- The LaST Upgrade -


Fitting Guide by Jonathan Whiteside

July 30, 2016 - Last updated August 3, 2016


The tools. I used a fairly standard set of small side cutters, temp controlled soldering iron, small forceps (For removing the old PLCC pins), flux, desolder braid, plastic levers (iPhone screen removal tools) and a large eraser. More on that later.

One thing that isn't visible is the illuminated hands free magnifer, which is essential for the fine soldering.

Total work time for this was about 4-5 hours for me, bearing in mind the TOS switcher had already been installed, and I had already preassembled the booster. Personally, I'd do the TOS switcher first and make sure it works before you move on to the booster.


Starting PLCC removal using the pin method suggested by exxos in his instructions. It works, so use it.

All pins lifted. Again, the instructions from exxos worked up to this point. I tried lifting the socket after snipping the leads, but no movement at all.


Since the socket wouldn't lift, I decided to cut it into smaller pieces as per exxos. This is the first 'Gotcha' for me. The socket didn't cut into smaller chunks, it disintergated into small pieces leaving this very tough baseplate behind.

This is where you MUST use plastic tools, or you'll destroy the tracks on your mainboard. This is where the 2 blue plastic levers came in. I had to trim the pins a second time, then work my way around the edge with the levers to lift the baseplate.


It's desolderin time!! Baseplate off, pins ready to desolder.


Follow the instructions by exxos for this part.

TIP:- I used small forceps with serrated jaws for manipulating the pins, as they were easier to handle than the needle nosed pliers I own, which lost grip as the jaws were not serrated. exxos has already mentioned the "Gotcha" around the power pins, take your time, they do take longer to desolder.


This shot is all pins removed, but solder is still present in the thru holes. Again, the PLCC removal guide by exxos is good up to here.

TIP:- TAKE YOUR TIME, rushing will just hurt your chances of a good job.


My next TIP comes here, cleaning the solder from the thru holes. I used 1.5 mm solder wick, and rather than put flux on the board, my flux was quite thin, so I DIPPED the wick into the flux. Get your soldering iron right in the middle of the hole, and on top of the wick. Be paitient, it takes a second or two, but the solder will melt, and the flux in the wick will help it flow, and you'll see the wick turn silver. Don't be tempted to re use wick, it won't work, just regularly trim the used parts away and discard.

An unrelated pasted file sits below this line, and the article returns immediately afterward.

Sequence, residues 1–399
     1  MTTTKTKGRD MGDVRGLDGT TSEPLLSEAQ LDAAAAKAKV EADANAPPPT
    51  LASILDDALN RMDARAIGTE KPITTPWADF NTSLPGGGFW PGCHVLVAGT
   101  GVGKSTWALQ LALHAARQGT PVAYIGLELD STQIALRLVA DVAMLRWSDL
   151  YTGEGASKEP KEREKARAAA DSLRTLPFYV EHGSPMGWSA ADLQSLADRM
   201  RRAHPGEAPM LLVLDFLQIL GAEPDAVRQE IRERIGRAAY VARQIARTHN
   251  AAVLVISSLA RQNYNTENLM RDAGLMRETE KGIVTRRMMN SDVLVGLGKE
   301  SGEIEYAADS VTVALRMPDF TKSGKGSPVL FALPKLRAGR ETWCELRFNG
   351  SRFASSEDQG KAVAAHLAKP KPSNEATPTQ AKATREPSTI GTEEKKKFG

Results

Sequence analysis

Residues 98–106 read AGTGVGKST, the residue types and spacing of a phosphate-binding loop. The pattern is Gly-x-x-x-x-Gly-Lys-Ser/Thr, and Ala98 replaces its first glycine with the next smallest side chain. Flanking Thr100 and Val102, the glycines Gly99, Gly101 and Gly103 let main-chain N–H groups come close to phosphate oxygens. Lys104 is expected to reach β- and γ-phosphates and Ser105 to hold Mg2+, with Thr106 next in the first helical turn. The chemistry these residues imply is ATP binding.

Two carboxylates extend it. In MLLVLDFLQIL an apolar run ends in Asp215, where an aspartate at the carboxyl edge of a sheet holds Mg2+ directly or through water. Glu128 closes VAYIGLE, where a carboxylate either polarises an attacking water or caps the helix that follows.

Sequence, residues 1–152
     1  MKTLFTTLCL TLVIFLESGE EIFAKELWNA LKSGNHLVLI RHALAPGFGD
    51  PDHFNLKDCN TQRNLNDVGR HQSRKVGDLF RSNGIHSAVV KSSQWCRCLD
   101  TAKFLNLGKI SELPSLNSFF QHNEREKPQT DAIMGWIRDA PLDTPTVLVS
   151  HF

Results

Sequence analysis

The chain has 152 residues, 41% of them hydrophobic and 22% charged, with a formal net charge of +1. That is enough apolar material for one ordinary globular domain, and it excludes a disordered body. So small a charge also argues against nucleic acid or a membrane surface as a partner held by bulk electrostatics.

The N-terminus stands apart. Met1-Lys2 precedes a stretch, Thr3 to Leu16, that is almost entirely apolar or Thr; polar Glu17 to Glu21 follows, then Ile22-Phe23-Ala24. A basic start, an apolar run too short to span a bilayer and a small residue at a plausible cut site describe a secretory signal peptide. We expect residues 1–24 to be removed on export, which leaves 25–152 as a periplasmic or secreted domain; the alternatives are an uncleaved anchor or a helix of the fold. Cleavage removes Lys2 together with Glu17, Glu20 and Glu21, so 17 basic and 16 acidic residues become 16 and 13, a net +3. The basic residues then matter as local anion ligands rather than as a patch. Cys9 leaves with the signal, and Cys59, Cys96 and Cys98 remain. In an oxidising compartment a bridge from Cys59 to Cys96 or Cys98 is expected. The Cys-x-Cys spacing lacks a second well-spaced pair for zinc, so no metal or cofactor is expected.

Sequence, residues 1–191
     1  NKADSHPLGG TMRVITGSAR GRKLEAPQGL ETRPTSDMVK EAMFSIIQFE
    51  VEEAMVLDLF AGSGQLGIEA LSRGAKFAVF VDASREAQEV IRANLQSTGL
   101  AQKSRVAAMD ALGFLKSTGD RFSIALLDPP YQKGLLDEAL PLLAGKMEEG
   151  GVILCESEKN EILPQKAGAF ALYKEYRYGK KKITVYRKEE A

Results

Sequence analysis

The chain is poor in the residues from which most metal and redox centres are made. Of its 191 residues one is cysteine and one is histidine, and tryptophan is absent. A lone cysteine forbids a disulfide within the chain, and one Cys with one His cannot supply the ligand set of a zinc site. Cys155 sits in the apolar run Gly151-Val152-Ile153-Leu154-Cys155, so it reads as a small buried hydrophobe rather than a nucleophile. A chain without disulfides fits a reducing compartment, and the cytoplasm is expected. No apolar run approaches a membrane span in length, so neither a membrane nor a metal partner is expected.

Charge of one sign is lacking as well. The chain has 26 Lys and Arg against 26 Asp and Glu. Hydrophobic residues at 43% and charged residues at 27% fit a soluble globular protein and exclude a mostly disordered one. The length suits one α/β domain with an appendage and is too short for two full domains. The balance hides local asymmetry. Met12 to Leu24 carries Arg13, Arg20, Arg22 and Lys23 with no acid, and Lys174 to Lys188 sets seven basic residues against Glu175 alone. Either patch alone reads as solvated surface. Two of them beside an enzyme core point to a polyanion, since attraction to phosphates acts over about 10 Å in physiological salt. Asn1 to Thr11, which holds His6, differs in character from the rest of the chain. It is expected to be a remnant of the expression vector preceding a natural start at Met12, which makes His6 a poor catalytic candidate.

TIP:- If a hole doesn't clear of solder right away, move on so that you are not constantly heating the same part of the board, which can damage the tracks and vias.


All cleaned up! I had a few holes that half cleared, the TIP here is to refill the holes with fresh solder, then use the wick again to empty them. Hold the board up to the light to confirm they're clear.


After trimming the pin strips, I dropped them in to the mainboard as a trial run.


TIP:- Here is where the eraser comes in.Put 2 of the inner pin strips into the booster board, then push the whole thing into the eraser, making sure the pins are well aligned. Solder the 2 end pins of each strip. Repeat until all of the pin strips are held in by just 2 solder joints at each end, as this will give you a little wiggle of the pins so you can get them into the mainboard.


Insert the booster, and hold it in place with tape or blu-tac, and solder just 4 of the outside row of pins at the ends.

TIP:- good alignment is critical here, before you move on to soldering the rest of the pins, so just soldering a few will give you a chance to wiggle things around. When you're happy it's all in a good position, solder the rest of the pins on the mainboard side, then the rest on the booster side.


All soldered in, awaiting final wiring.


Wired up to run at 8 Mhz.

All wiring completed, with a switch for 8/32 Mhz and Tos 1.62/2.06. Just need to mod the case for the switches.

Just to the left of the yellow clip, you can see the 1.44 Mb fdd mod, also from exxos, that I installed at an earlier date.


Booting up to TOS 2.06 at 8 Mhz


Booting with TOS206 with 32MHz enabled.